Pressure wave supercharger

pressure wave supercharger (also known as a wave rotor[1]) is a type of supercharger technology that harnesses the pressure waves produced by an internal combustion engine exhaust gas pulses to compress the intake air. Its automotive use is not widespread; the most widely used example is the Comprex, developed by Brown Boveri.[2][3][4] Valmet Tractors of Finland were one of the first to use the device when they fitted it to the 411CX engine which powered their 1203 model of 1980. Although it provided a useful increase in performance it was considered too expensive to be incorporated into later models. [5] Ferrari tested such a device during the development of the 126C Formula One car. The system did not lend itself to as tidy an installation as the alternative twin-turbocharger layout, and the car was never raced in this form.[6] A more successful application was in the RF series diesel enginefound in the 1988 Mazda 626 Capella; ultimately 150,000 Mazda diesel cars were fitted with a Comprex supercharger. Other users included Peugeot and Mercedes-Benz. The Greenpeace SmILE concept car uses a Hyprex pressure wave supercharger developed by the Swiss company Wenko AG.[4] NASA uses wave rotors in experiments attempting to increase gas turbine efficiency. The wave rotor is placed between the compressor, combustor, and turbine sections in order to extract more energy from the combustion process.[7][8]


US4563997 Fig1 Pressure wave supercharger


The 4 cycles of operation of the Pressure Wave Supercharger.

The process is controlled by a cylindrical cell rotor driven by the engine crankshaft via a belt or chain. Individual cells alternately open and close the exhaust gas and fresh air apertures. When the aperture on the exhaust gas side is reached, pressurized exhaust gas flows into the cell and compresses the fresh air there (Diagram Stage 2). As the cell rotor continues to rotate and reaches the aperture on the inlet side, the compressed air flows to the engine (3). Before the exhaust gas can flow, the aperture is closed again and the exhaust gas column is reflected before entering the engine (4). The exhaust gas exits at high speed, sucking further intake air into the cell behind it, repeating the process (1).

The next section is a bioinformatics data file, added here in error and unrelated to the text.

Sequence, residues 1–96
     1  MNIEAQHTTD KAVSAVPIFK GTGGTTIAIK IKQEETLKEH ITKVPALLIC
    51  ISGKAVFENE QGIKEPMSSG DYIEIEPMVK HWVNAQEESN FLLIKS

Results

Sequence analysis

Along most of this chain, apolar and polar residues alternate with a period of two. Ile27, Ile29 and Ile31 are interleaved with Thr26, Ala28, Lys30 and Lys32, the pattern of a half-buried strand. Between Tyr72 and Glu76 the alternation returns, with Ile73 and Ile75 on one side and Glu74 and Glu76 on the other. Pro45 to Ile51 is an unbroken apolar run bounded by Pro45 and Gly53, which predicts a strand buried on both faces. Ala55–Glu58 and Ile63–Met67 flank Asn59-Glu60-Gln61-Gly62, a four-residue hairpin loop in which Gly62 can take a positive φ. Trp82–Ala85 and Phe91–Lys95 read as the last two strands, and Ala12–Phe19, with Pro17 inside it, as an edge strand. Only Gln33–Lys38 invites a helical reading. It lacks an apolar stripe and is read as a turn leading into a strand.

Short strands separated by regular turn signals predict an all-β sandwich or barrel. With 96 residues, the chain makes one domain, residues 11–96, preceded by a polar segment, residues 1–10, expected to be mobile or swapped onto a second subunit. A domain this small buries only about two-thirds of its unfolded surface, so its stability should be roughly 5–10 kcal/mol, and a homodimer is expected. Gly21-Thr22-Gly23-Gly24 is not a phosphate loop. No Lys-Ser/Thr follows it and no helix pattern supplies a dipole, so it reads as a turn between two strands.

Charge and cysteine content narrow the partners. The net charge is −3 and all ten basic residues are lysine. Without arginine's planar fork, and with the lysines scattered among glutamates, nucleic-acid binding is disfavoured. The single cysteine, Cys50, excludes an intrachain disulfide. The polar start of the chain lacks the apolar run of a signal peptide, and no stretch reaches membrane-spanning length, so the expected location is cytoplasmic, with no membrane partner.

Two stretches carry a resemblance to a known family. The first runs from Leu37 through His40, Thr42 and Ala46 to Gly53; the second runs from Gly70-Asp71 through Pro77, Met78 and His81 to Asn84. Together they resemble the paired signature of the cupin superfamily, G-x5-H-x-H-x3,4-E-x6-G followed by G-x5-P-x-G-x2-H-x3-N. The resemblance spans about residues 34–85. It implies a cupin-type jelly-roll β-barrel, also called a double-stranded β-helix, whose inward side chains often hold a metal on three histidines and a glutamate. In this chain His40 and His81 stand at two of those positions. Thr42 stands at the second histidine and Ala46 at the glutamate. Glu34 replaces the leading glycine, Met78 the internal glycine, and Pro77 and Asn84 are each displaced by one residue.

Energy exchange in the pressure-wave supercharger occurs at sound velocity, resulting in good response even at low engine speeds, a common downfall of turbocharged engines. It combines the advantages of mechanical and exhaust gas supercharging.


The Comprex system has two shortcomings; one, that the exhaust gases intermingles with the fresh air needed for combustion, leading to some recirculation of burnt gas. Secondly, this co-mingling also raises the temperature of the intake gas. Both of these are much less of a problem in a diesel than a petrol engine, hence the Comprex’s rarity in petrol-engined applications.[9][10]

Control system

A control system, to optimise performance, was patented in 1986 by Hachiro Aoki for Diesel Kiki Co. Ltd., Tokyo, Japan – United States Patent 4563997.[11]


  1. What is a Wave Rotor
  2. EP 0286931 Mayer, Andreas: “Freilaufender Druckwellenlader”, issued 1988-10-19, assigned to BBC Brown Boveri AG, Baden, Switzerland
  3. US 4838234 Mayer, Andreas: “Free-running pressure wave supercharger”, issued 1989-07-13, assigned to BBC Brown Boveri AG, Baden, Switzerland
  4. a b A Review of Wave Rotor Technology and its Applications including details of Comprex supercharger
  5. Hannu Niskanen ‘From Munktells to Valtra’
  6. Ferrari, Hans Tanner & Doug Nye, 1985
  7. Wave Rotor Topping Cycles for Gas Turbine Engine
  8. Wave Rotor Technology Tested Successfully
  9. Renaux, Jean-Jacques (1984-02-23). “Volkswagen soulève un coin du voile: Wunderbar!” [VW raises the veil: Wunderbar!]. Le Moniteur de l’Automobile (in French). Brussels, Belgium: Editions Auto-Magazine. 35 (789): 6–7.
  10. Chen, Jay (May 2007). “The Comprex: The Other Compressor”. Modified Mag. Retrieved Nov 2012. Check date values in: |accessdate= (help)
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